Sunday, September 6, 2020

Sunday Reading

The Most Infuriating Thing — Charles P. Pierce on the article in The Atlantic by Jeffrey Goldberg.

The two men were set to visit Section 60, the 14-acre area of the cemetery that is the burial ground for those killed in America’s most recent wars. Kelly’s son Robert is buried in Section 60. A first lieutenant in the Marine Corps, Robert Kelly was killed in 2010 in Afghanistan. He was 29. Trump was meant, on this visit, to join John Kelly in paying respects at his son’s grave, and to comfort the families of other fallen service members. But according to sources with knowledge of this visit, Trump, while standing by Robert Kelly’s grave, turned directly to his father and said, “I don’t get it. What was in it for them?” Kelly (who declined to comment for this story) initially believed, people close to him said, that Trump was making a ham-handed reference to the selflessness of America’s all-volunteer force. But later he came to realize that Trump simply does not understand non-transactional life choices.

“He can’t fathom the idea of doing something for someone other than himself,” one of Kelly’s friends, a retired four-star general, told me. “He just thinks that anyone who does anything when there’s no direct personal gain to be had is a sucker. There’s no money in serving the nation.” Kelly’s friend went on to say, “Trump can’t imagine anyone else’s pain. That’s why he would say this to the father of a fallen marine on Memorial Day in the cemetery where he’s buried.”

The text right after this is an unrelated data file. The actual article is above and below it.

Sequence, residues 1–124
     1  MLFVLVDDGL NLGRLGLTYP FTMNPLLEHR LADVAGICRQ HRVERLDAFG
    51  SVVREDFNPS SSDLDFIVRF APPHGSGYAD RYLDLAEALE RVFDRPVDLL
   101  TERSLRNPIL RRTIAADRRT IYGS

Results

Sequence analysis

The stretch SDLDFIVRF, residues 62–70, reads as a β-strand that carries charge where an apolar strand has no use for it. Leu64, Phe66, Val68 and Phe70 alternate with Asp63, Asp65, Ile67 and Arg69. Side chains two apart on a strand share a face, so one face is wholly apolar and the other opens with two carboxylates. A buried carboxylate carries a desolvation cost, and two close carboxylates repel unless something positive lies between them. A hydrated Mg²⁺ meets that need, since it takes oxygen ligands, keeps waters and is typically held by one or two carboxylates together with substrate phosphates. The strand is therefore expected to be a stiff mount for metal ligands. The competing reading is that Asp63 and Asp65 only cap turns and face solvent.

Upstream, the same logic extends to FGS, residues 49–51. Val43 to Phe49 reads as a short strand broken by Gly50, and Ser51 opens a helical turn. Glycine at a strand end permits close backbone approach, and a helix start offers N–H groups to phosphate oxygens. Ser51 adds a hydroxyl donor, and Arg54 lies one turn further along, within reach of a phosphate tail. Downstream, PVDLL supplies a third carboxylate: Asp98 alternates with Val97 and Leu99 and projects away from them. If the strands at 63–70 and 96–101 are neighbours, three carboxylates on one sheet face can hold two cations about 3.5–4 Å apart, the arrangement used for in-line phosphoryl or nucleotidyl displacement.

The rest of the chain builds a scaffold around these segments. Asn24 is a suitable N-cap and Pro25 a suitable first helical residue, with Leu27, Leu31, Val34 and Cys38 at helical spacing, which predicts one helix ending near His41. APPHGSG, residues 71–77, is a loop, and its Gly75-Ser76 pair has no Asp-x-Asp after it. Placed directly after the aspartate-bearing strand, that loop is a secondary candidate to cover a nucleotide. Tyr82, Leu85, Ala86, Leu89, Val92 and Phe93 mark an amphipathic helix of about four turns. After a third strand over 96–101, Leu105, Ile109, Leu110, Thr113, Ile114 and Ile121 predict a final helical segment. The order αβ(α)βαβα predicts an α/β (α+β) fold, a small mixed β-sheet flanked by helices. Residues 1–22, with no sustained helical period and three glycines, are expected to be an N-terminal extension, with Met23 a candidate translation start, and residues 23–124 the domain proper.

That is the single most poignant moment in Jeffrey Goldberg’s soon-to-be-legendary piece in The Atlantic. Except for the likely instant intervention of the Secret Service, I don’t know how John Kelly didn’t flatten the vulgar talking yam right there at Arlington. But John Kelly didn’t do that. In fact he stayed with the administration*, eventually taking a promotion from Secretary of Homeland Security to White House chief-of-staff. Kelly became the face of cruel and stupid immigration policies at the country’s southern border, defended the president* when the latter made similarly insensitive remarks to a Gold Star widow in Florida and then called Rep. Fredrica Wilson “an empty barrel” when she called the president* out for it, spoke warmly of Robert E. Lee and the armies of the Confederate States of America, and ultimately left the administration* to take a job with a firm that runs the largest detention facility in which “unaccompanied” migrant minor children are held. And John Kelly did all of this after the president* made those graceless remarks about Kelly’s son while standing aside the young man’s grave. Frankly, I don’t know how Kelly could even look at the man without vomiting after that.